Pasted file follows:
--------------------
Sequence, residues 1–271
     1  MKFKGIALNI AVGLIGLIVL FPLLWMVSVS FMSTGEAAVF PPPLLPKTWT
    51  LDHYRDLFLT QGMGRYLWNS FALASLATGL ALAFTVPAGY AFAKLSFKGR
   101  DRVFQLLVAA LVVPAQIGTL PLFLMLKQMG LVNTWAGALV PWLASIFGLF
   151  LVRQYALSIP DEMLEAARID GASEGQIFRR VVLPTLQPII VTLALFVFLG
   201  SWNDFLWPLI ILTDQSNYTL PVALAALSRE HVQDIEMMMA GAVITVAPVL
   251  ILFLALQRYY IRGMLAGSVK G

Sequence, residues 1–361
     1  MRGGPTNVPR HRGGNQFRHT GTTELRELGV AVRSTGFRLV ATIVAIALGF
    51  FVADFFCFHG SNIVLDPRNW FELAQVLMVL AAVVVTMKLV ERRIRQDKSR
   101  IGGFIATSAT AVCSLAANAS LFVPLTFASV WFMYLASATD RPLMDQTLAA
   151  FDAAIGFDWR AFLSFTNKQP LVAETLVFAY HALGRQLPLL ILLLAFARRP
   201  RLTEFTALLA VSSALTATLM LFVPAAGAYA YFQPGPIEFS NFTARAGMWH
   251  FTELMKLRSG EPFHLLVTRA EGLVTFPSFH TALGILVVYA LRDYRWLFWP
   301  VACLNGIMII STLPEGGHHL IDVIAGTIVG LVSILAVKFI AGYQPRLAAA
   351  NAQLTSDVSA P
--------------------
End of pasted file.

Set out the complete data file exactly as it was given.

Sequence, residues 1–271
     1  MKFKGIALNI AVGLIGLIVL FPLLWMVSVS FMSTGEAAVF PPPLLPKTWT
    51  LDHYRDLFLT QGMGRYLWNS FALASLATGL ALAFTVPAGY AFAKLSFKGR
   101  DRVFQLLVAA LVVPAQIGTL PLFLMLKQMG LVNTWAGALV PWLASIFGLF
   151  LVRQYALSIP DEMLEAARID GASEGQIFRR VVLPTLQPII VTLALFVFLG
   201  SWNDFLWPLI ILTDQSNYTL PVALAALSRE HVQDIEMMMA GAVITVAPVL
   251  ILFLALQRYY IRGMLAGSVK G

Sequence, residues 1–361
     1  MRGGPTNVPR HRGGNQFRHT GTTELRELGV AVRSTGFRLV ATIVAIALGF
    51  FVADFFCFHG SNIVLDPRNW FELAQVLMVL AAVVVTMKLV ERRIRQDKSR
   101  IGGFIATSAT AVCSLAANAS LFVPLTFASV WFMYLASATD RPLMDQTLAA
   151  FDAAIGFDWR AFLSFTNKQP LVAETLVFAY HALGRQLPLL ILLLAFARRP
   201  RLTEFTALLA VSSALTATLM LFVPAAGAYA YFQPGPIEFS NFTARAGMWH
   251  FTELMKLRSG EPFHLLVTRA EGLVTFPSFH TALGILVVYA LRDYRWLFWP
   301  VACLNGIMII STLPEGGHHL IDVIAGTIVG LVSILAVKFI AGYQPRLAAA
   351  NAQLTSDVSA P